The chief in charge of policing on city subways is set to leave the NYPD — as the department scrambles to implement the mayor’s new plan aiming to fix the mental health crisis underground, The Post has learned.
NYPD Transit Chief Jason Wilcox filed for retirement Thursday and will officially leave the department Dec. 30, according to paperwork obtained by The Post.
Safety on the subway system has been a key focus of Mayor Eric Adams’ administration as part of the plan for the city’s return to pre-pandemic life.
But just days into 2022, headlines were dominated by the horrifying murder of straphanger Michelle Go by a mentally unstable homeless man.
What followed through the year was a number of shocking acts of violence, as major felonies surged by more than 30% compared with 2021.
The NYPD has only just recently seen signs of a potential downturn in crime — with a 13.1% dip over the last four weeks as of Sunday, according to statistics released Tuesday.
The mayor and MTA chief executive officer Janno Lieber have latched onto the new figures, touting the downturn earlier this week as early signs that the city and MTA’s plan to flood the underground with cops was working.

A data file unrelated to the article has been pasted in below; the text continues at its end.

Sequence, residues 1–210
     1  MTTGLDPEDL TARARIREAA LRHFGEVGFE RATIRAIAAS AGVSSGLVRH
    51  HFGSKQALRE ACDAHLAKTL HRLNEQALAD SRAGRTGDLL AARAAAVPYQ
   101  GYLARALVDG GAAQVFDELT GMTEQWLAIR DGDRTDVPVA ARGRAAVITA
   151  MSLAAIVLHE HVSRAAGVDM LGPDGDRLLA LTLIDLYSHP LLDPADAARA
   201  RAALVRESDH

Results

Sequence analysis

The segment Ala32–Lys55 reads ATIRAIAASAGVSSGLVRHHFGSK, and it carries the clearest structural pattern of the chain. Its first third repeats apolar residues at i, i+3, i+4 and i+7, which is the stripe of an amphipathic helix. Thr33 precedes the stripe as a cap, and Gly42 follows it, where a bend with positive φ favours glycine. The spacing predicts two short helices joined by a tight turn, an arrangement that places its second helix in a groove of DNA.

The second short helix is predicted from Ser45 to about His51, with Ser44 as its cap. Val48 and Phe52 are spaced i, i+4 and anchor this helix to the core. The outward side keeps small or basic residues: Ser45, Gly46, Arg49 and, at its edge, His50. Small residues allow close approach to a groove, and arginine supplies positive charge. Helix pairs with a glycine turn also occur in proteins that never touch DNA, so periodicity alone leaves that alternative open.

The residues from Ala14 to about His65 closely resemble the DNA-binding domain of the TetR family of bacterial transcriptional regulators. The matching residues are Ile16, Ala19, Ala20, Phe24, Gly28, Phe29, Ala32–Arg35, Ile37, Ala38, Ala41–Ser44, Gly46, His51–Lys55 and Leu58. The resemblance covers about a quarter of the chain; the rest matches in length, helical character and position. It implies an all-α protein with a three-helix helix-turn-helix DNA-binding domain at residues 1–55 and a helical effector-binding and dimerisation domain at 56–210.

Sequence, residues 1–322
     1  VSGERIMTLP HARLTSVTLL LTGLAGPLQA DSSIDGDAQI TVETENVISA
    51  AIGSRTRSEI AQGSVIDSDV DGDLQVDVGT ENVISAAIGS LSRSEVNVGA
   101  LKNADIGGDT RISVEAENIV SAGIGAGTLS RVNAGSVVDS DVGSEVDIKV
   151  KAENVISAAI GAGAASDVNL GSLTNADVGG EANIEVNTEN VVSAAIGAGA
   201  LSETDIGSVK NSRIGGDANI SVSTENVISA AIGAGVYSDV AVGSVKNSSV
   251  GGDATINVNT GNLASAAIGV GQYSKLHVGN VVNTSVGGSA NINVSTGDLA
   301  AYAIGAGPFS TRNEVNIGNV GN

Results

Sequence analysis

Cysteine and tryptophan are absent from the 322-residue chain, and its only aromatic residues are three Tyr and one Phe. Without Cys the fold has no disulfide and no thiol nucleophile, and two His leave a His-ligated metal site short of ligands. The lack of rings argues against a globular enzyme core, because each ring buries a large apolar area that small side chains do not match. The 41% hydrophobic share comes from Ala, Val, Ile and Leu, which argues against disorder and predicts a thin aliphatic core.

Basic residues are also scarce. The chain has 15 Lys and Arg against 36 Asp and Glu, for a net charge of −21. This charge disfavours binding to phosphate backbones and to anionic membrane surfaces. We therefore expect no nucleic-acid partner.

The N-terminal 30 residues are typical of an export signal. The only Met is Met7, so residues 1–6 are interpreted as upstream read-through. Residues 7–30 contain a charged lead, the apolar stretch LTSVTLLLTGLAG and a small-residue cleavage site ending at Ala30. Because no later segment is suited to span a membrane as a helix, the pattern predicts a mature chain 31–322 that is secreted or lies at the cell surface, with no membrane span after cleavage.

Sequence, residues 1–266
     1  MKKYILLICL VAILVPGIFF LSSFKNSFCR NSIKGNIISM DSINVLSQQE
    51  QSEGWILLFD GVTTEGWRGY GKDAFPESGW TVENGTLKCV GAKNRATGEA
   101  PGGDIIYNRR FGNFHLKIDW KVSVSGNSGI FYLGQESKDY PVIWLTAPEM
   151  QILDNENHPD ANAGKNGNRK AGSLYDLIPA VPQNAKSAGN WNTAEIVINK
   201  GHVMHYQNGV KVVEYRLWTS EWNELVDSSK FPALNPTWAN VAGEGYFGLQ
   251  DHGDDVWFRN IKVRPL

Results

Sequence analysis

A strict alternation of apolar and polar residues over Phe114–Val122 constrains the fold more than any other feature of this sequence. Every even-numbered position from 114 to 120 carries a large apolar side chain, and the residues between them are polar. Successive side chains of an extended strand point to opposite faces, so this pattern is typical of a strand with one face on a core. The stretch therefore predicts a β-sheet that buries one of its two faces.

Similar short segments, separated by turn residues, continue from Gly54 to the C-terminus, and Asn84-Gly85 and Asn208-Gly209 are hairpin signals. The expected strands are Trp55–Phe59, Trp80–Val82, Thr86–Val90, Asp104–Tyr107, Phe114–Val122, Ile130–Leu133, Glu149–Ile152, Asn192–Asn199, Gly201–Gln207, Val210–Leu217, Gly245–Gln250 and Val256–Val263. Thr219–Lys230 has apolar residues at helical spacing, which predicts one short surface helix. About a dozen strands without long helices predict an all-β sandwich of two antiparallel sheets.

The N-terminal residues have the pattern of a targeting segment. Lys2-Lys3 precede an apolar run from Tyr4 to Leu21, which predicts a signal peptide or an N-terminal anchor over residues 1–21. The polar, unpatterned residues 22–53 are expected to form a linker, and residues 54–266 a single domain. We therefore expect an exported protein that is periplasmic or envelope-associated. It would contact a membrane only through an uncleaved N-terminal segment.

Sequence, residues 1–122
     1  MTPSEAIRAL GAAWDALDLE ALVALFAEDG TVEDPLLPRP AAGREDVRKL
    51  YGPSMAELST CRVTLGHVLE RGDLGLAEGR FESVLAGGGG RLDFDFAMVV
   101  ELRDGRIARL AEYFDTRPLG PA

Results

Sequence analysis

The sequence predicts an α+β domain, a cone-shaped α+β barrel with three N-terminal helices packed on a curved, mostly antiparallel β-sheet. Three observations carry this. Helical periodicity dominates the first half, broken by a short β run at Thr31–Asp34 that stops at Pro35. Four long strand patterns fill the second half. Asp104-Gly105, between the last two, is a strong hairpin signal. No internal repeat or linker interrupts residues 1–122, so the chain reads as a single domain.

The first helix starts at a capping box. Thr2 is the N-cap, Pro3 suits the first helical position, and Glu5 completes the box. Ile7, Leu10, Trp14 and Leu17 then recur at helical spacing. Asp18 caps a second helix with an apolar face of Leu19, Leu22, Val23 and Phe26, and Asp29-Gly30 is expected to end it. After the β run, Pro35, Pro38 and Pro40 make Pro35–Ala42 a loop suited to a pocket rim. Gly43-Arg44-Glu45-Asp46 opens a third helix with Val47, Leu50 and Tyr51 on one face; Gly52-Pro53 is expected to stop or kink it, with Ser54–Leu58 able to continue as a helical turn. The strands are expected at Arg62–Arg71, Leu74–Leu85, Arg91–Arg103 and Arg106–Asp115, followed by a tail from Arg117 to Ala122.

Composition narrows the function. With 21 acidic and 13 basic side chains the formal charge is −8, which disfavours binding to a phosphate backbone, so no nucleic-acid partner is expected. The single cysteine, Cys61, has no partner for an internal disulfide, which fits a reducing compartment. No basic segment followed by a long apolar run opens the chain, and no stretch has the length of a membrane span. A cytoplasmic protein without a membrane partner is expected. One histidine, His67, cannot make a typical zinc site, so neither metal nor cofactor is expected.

But that progress apparently wasn’t enough for Wilcox to save his spot in one of the top NYPD posts, according to sources, who told The Post over the last few days that the chief had been on the chopping block.
The news comes days after Adams’ new mental health directive on dealing with unstable homeless people on subways and city streets got off to a rocky start with NYPD execs scrambling to implement it.
The mayor tried to push back on the notion the department was being “blindsided” by the new plan Thursday while speaking to reporters from Greece — mentioning he had been working with Wilcox.
Two other three-star chiefs also put in their walking papers Thursday: Housing Bureau Chief Kathleen O’Reilly and Special Ops Chief Harry Wedin, according to the paperwork.
O’Reilly was bumped down from chief of patrol earlier this year to housing, which sources described as a demotion.
News of the retirement comes days after Chief of Department Chief Ken Corey left the department and Jeffrey Maddrey jumped to the top uniformed spot in an acting capacity.